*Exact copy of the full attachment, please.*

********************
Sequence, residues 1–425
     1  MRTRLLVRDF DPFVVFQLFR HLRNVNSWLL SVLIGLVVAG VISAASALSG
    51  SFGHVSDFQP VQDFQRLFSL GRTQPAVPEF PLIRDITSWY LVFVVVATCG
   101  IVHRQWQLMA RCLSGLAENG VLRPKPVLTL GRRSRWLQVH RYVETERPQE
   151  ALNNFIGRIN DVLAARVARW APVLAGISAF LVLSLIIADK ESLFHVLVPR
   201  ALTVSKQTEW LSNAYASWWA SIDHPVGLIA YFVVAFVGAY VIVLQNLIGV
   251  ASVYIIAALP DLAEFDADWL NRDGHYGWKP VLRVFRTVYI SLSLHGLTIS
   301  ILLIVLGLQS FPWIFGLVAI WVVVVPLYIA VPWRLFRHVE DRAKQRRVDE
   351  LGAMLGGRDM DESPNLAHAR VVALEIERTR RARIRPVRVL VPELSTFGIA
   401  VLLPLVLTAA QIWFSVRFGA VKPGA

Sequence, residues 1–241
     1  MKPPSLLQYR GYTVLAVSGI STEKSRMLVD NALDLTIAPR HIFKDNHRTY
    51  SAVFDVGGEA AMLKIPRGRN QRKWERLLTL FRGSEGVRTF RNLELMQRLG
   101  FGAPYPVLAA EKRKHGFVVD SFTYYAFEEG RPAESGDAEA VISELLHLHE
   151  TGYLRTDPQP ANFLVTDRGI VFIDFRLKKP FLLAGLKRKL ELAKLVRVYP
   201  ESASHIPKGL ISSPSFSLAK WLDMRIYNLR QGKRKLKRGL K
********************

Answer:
Sequence, residues 1–425
     1  MRTRLLVRDF DPFVVFQLFR HLRNVNSWLL SVLIGLVVAG VISAASALSG
    51  SFGHVSDFQP VQDFQRLFSL GRTQPAVPEF PLIRDITSWY LVFVVVATCG
   101  IVHRQWQLMA RCLSGLAENG VLRPKPVLTL GRRSRWLQVH RYVETERPQE
   151  ALNNFIGRIN DVLAARVARW APVLAGISAF LVLSLIIADK ESLFHVLVPR
   201  ALTVSKQTEW LSNAYASWWA SIDHPVGLIA YFVVAFVGAY VIVLQNLIGV
   251  ASVYIIAALP DLAEFDADWL NRDGHYGWKP VLRVFRTVYI SLSLHGLTIS
   301  ILLIVLGLQS FPWIFGLVAI WVVVVPLYIA VPWRLFRHVE DRAKQRRVDE
   351  LGAMLGGRDM DESPNLAHAR VVALEIERTR RARIRPVRVL VPELSTFGIA
   401  VLLPLVLTAA QIWFSVRFGA VKPGA

Sequence, residues 1–241
     1  MKPPSLLQYR GYTVLAVSGI STEKSRMLVD NALDLTIAPR HIFKDNHRTY
    51  SAVFDVGGEA AMLKIPRGRN QRKWERLLTL FRGSEGVRTF RNLELMQRLG
   101  FGAPYPVLAA EKRKHGFVVD SFTYYAFEEG RPAESGDAEA VISELLHLHE
   151  TGYLRTDPQP ANFLVTDRGI VFIDFRLKKP FLLAGLKRKL ELAKLVRVYP
   201  ESASHIPKGL ISSPSFSLAK WLDMRIYNLR QGKRKLKRGL K